It shows 77% chance for desk-based administrative jobs being automated.
A research conducted by business advisory firm Deloitte has estimated that nearly 861,000 UK public sector jobs could be affected by automation by 2030.
The jobs, which could be automated, account for 16% of the overall workforce in the country.
A previous study from Deloitte revealed that all sectors of the UK economy will be affected by automation in the next two decades.
Automation is expected to impact 74% of jobs in transportation, 59% of jobs in wholesale and retail and 56% of jobs in manufacturing.
Deloitte global head of public sector Mike Turley said: “Across all sectors of the economy, technological advances mean that repetitive and predictable tasks are increasingly undertaken by robots – either in the form of software or devices. The public sector is no different.”
The study showed that roles in areas such as education and caring, as well as jobs requiring public interaction are at lower risk of automation.
Deloitte estimates a reduction of about £17bnin public sector wage costs by 2030, as a result of automation.
The firm said that there is 77% probability in desk-based administrative jobs and jobs requiring physical skills being automated.
It sees 23% chance for automation of interactive roles requiring a high degree of personal interaction, including jobs such as teachers, social workers and police officers.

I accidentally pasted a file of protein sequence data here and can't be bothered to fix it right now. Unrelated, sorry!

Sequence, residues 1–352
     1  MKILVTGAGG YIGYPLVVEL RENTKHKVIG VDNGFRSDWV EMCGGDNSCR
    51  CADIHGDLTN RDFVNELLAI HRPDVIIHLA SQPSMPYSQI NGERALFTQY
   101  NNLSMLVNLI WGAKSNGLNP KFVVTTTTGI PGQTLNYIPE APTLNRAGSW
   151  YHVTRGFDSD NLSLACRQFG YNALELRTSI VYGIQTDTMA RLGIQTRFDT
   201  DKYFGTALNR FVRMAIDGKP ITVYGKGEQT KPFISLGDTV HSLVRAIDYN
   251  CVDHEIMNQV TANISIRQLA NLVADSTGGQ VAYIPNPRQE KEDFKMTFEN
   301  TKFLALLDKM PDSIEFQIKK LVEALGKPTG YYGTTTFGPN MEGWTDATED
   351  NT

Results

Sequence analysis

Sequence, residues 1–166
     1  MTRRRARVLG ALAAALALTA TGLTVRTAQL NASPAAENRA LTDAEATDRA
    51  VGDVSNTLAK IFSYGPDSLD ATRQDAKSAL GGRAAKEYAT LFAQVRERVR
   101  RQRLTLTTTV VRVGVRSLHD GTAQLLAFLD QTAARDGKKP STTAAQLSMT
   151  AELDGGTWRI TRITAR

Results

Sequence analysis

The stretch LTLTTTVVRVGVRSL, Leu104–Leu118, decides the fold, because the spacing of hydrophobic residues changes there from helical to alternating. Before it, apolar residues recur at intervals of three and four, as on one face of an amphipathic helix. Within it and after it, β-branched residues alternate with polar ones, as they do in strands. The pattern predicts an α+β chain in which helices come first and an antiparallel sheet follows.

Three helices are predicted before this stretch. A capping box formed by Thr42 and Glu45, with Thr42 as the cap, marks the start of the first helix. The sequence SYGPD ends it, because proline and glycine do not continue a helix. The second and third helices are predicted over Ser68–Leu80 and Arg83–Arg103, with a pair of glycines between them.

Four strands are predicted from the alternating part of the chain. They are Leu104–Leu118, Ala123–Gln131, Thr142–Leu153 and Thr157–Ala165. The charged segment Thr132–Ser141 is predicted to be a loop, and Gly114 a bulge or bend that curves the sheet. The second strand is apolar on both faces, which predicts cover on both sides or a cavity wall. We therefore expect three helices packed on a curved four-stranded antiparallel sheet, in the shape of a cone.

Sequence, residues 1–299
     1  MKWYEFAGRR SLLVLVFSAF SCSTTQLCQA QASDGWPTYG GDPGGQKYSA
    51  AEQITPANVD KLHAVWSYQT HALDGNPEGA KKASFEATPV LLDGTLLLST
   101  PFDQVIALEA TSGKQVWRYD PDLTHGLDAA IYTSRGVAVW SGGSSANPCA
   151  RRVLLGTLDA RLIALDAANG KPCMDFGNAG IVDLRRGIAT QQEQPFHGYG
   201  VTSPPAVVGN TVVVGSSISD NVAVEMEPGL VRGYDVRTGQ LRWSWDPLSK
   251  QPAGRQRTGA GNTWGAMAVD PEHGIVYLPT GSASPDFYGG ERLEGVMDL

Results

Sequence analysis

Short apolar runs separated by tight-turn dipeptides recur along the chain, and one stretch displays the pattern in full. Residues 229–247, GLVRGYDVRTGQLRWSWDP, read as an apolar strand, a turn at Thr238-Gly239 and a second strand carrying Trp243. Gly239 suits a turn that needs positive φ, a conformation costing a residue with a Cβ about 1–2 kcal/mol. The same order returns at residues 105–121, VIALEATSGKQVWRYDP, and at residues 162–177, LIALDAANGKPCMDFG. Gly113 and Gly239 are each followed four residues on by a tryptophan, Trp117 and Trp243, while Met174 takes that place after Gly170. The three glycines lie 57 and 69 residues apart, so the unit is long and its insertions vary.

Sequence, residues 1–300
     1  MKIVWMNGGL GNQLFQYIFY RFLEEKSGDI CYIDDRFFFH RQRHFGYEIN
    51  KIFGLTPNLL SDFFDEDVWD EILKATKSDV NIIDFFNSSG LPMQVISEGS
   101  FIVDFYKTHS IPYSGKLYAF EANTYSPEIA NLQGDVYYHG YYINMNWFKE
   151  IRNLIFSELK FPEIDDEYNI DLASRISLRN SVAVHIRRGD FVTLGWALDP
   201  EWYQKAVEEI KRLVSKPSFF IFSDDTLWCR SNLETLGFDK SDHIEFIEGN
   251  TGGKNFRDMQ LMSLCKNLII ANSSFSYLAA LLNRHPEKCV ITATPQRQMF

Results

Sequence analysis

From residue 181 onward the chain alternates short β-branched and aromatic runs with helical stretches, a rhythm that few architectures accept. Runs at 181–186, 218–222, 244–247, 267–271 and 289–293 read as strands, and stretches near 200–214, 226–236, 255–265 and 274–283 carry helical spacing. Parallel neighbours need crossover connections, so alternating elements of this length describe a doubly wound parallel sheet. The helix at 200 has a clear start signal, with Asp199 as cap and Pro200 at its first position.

Turley said: “The public sector has a high number of public-facing roles, particularly those in areas such as education and caring. These will be relatively safe from automation and could see the public sector impacted less than other sectors.
The study estimates 14% chance for automation of cognitive roles that mostly require strategic thinking and complex reasoning, including finance directors and chief executives.
Deloitte projects the number of local government administrative roles to fall to 4,000 in the country by 2030.
While the number of care workers and home carers is forecast to decline to 151,000 by 2030, the number of health care practice managers is projected to fall to 2,000.
Turley added:“We are already seeing examples of technology playing a role in the public sector. Robotic processes are supporting local government in their data entry, driverless trains are becoming more widespread and sensor technology is being used in hospitals and care homes to monitors patients and give nurses and carers more time for quality patient interaction.”